Just what induces some men to hazard themselves and sometimes their companions in exceptional feats of military prowess is not discussed by the authors though they offer the insight that valorous behaviour might be a function of leadership. Support for this explanation comes from the fact that only two of their list of VC winners were private soldiers, the rest being either NCOs or officers. From an industrial point of view private soldiers resemble factory workers, trained to perform specific roles and largely task bound, but officers and NCOs have supervisory responsibilities and greater degrees of freedom to develop the techniques of combat and to specialise in the mechanics of crude violence and individual performance. For instance, Charles Upham was given to carrying a sandbag of hand grenades with which to assail the enemy. Dick Travis, with a sniper’s rifle, two revolvers, a bayonet and a supply of Mills bombs, terrorised No Man’s Land like a preposterous psychopath in some implausible Hollywood blockbuster.
Some VCs have had to be awarded posthumously. A few winners have survived into old age, though, not surprisingly, there have been post-bellum nervous troubles. This prompts the speculation that superheroism in some cases might be a symptom of a personality disorder in which the sufferer unconsciously tries to displace deep fears and anxieties by resort to a frenzy of aggression. Another possibility is that superheroes may be driven by notions of honour, bravery, mastery, success and robust presentations of the self that lead them into an obsessive quest for dominance in which they become enthusiastic apprentices of Moloch. In peacetime such control freaks have to indulge themselves with crime, gambling, alcoholism and drug-taking or else seek careers as extreme-sports stars, media celebrities, heroes and heroines of the stock exchange, aggressive captains of commerce and power-hungry politicians.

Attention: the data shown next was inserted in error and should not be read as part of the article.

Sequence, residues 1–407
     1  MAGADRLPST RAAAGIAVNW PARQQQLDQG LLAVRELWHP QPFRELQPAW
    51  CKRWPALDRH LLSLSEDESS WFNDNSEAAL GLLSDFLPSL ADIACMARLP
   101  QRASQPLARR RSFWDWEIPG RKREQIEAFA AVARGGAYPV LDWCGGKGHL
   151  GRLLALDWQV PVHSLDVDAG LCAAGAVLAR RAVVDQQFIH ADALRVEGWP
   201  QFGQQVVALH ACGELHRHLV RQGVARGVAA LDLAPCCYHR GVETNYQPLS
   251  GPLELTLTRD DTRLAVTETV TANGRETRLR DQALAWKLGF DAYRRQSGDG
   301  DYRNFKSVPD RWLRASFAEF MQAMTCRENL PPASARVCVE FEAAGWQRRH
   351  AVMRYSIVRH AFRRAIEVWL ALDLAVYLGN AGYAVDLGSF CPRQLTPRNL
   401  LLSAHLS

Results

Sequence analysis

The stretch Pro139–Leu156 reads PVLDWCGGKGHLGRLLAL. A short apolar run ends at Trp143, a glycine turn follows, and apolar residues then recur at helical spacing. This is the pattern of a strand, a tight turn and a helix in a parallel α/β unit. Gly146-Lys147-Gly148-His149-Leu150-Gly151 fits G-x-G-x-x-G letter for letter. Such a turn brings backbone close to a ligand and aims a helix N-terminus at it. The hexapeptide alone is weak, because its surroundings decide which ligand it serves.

From the vicarious excitements of superheroism, it is a relief to turn to the doings of ordinary warriors on D-Day. Alison Parr has assembled narratives from New Zealanders involved in the invasion as part of the Ministry of Culture and Heritage oral history project. Some 13 subjects tell their stories conversationally. There are no startling revelations, but the interviews are skilfully recorded, and the resulting narratives are a saga of the youthful dedication and idealism of a wartime generation that is now fast merging into the inevitable flux of time. The Big Show is significant as a memorial to the 10,000 or so New Zealanders estimated to have been serving in various capacities in Europe at the time of invasion. The author mentions that there were yet more New Zealand soldiers “battling their way up through Italy” though in fact the New Zealand Division as part of the British Eighth Army invaded Europe via Greece as far back as 1941. Again, along with the US Fifth Army and the rest of the Eighth Army, it invaded Italy in 1943 and fought its way north through two continental winters. Some of the components of this human battering ram (and especially its 8,764 casualties) thought that as far as they were concerned D-Day seemed a long-delayed and remote effort.